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Over twenty-four Tuscany monasteries are open to all guests… including breakfast they average $35.00/Nite

Sunday, August 15th, 2010

Tuscany's monasteries welcome visitors without any religious obligation.

In addition to the well-known cities of Florence, Pisa, Siena and Cortona, there are dozens upon dozens of intriguing villages and hamlets that bring you in touch with Italian culture, art, history, architecture, food and people. From forests, to mountaintops, to great cities and small hamlets, there are dozens of monasteries to choose from in the beautiful region of Tuscany. Intriguing places that bring you in touch with Italian culture, art, history, architecture, food, wine and the Italian locals.

Mount Amiata is a holiday resort region offering hiking, horseback riding and cultural entertainment in the summer, skiing in the winter. Nearby Abbadia San Salvatore resides in a boulder-strewn setting. Gothic and Renaissance style buildings of dark gray stone enrich the distinctive medieval ambience of the old town.

There are dozens of choices throughout Tuscany.

In an unusual landscape of clay and limestone hillsides, 14th century Sienese walls still surround part of the small medieval town of Asciano. Elegant cypress trees and farmhouses add a quaint touch to the setting. The town’s Museo Etrusco shelters collections accumulated from Etruscan tombs unearthed in the area.

Another monastery is in a small town in the heart of the Casentino region. A milieu of mystical beauty, of mountains bathed in a palette of soft pastels, the region is home to one of Italy’s wildest primeval forests, the Forest Casentinesi. The dense woodland harbors towering silver fir, centuries-old beech, mountain maple and European aspen.

Monasteries can be found in coastal locations, hilltop villages and major cities like Florence.

A nearby castle is one of the most famous in Casentino and was mentioned by Dante in his writing. It is an esteemed example of sacred medieval architecture. The hill town of Poppi is home to the 13th century Castello dei Conti Guidi, seat of the Guidi counts who ruled the Casentino until the middle of the 15th century. The castle is a massive structure and one of Tuscany’s best preserved buildings. It is accented by a boldly conceived staircase and spacious main chamber. The frescoed chapel (Taddeo Gaddi) adds a note of distinction to the second floor. The library shelters priceless incunabula and manuscripts.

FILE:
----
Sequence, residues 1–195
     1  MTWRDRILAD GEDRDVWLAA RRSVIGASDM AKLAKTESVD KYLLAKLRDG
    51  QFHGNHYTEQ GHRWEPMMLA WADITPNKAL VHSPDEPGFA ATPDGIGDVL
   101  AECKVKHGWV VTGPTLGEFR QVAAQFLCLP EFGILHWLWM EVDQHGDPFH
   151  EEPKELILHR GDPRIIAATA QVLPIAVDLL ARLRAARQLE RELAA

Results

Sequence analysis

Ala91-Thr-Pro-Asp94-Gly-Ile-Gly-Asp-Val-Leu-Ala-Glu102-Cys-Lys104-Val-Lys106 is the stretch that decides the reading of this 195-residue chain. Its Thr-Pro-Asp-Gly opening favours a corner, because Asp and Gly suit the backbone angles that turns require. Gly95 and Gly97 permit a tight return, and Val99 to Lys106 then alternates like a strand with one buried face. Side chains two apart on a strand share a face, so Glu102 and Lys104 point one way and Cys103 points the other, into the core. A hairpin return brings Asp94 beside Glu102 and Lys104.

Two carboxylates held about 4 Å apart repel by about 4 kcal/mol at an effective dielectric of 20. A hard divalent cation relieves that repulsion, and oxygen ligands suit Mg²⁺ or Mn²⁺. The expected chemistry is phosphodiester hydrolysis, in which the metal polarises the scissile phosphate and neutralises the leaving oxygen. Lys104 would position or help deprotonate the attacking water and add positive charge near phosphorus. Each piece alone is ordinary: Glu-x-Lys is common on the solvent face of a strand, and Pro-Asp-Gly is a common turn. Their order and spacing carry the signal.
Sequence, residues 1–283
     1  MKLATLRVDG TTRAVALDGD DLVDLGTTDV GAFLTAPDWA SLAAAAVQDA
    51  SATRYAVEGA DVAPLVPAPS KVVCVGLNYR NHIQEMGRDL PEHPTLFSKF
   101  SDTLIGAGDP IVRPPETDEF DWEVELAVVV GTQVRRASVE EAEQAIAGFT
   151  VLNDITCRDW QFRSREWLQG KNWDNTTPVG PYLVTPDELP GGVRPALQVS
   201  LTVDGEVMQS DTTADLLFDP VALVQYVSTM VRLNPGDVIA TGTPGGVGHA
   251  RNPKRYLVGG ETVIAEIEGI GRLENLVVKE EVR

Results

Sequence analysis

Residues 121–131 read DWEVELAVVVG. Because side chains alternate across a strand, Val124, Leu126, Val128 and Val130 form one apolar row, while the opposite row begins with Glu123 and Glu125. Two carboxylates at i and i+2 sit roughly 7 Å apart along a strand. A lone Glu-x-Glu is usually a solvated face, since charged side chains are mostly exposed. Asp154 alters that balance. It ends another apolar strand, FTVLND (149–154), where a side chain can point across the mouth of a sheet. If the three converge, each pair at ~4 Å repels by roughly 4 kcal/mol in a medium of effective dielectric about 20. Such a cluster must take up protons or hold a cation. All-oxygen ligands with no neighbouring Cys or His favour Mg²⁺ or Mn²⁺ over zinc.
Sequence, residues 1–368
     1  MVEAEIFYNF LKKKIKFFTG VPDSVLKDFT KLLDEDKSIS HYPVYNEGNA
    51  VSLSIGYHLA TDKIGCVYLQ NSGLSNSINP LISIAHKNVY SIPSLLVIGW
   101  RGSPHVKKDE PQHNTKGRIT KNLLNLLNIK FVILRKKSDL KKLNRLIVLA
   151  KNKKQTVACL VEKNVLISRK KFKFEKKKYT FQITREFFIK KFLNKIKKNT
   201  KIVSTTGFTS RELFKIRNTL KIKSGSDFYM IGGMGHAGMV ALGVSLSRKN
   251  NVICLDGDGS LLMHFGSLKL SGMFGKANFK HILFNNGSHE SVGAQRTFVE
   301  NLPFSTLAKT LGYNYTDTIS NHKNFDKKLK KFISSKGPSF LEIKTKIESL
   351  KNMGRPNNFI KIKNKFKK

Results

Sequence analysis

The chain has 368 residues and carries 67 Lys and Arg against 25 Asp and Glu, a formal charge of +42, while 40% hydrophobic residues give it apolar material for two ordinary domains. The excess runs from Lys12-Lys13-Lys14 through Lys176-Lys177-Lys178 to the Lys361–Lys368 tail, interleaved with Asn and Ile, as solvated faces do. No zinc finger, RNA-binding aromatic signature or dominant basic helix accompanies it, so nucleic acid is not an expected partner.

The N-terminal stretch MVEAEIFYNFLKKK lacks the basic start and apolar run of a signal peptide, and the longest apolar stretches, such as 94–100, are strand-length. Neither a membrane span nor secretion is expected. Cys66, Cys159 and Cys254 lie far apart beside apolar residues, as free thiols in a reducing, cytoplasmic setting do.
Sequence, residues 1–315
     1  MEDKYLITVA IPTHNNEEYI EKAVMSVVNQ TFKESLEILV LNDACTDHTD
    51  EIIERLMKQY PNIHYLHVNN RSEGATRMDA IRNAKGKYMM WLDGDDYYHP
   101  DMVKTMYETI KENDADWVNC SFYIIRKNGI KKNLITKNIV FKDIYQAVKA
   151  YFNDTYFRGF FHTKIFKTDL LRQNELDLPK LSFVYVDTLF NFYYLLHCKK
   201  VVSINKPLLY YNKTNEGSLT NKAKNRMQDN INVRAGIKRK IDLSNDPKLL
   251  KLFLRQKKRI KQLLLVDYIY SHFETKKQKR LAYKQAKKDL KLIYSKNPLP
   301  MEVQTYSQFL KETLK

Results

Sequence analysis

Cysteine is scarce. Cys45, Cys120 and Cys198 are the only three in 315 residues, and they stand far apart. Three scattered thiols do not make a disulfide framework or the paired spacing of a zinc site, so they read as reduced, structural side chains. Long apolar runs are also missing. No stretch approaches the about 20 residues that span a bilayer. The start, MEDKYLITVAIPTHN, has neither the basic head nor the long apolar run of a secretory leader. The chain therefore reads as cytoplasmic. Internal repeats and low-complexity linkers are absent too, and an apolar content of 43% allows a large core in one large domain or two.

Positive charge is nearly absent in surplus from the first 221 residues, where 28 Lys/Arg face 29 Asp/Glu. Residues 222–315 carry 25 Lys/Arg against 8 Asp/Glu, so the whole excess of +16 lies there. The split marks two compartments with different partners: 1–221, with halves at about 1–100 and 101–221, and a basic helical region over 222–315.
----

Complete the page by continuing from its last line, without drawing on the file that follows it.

For more information click here: Monasteries of Italy

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Stay at this convent in one of the most charming hill top Tuscan towns with gorgeous lake and valley views for about $40/night

Saturday, April 17th, 2010

Large comfortable guest rooms include private baths and breakfast for about $40 per night.

The convent is immersed in the restful green of the typical Tuscan hill, in the shadow of the majestic trees that clasp the entrance and hug the enormous garden behind the building. Built over 100 years ago by a man whose daughter wanted to join the order, the convent occupies an exceptional location on the slope of a steep hill in one of the oldest and most captivating towns of Tuscany. The locale in this charming hill town offers wonderful views of the valley and Lake Trasimeno. From the convent, it is an easy walk to the center of town and all that it has to offer.

Nearby Montepulciano is a well-preserved medieval town. It is enriched with Renaissance architecture that is splendidly woven into the urban fabric. Tufa and brick are typical building materials. The entire region is noted for the production of the “noble” Montepulciano wine. Piazza Grande is the heart of town and is faced by the cathedral as well as numerous grand palaces.

Just south of Montepulciano is lovely Pienza. The town’s Renaissance layout and buildings are attributed to its most illustrious son, Enea Silvio Piccolomini who became Pope under the name of Pius II. The beautiful central piazza, conceived and designed by Bernardo Rossellino contains the town’s principal monuments. The cathedral is a grand basilica with three Gothic naves and a complex Renaissance façade. The Palazzo Piccolomini is a fine example of Renaissance civic architecture with a severe facade, elegant courtyard and beautiful hanging garden.

For more information visit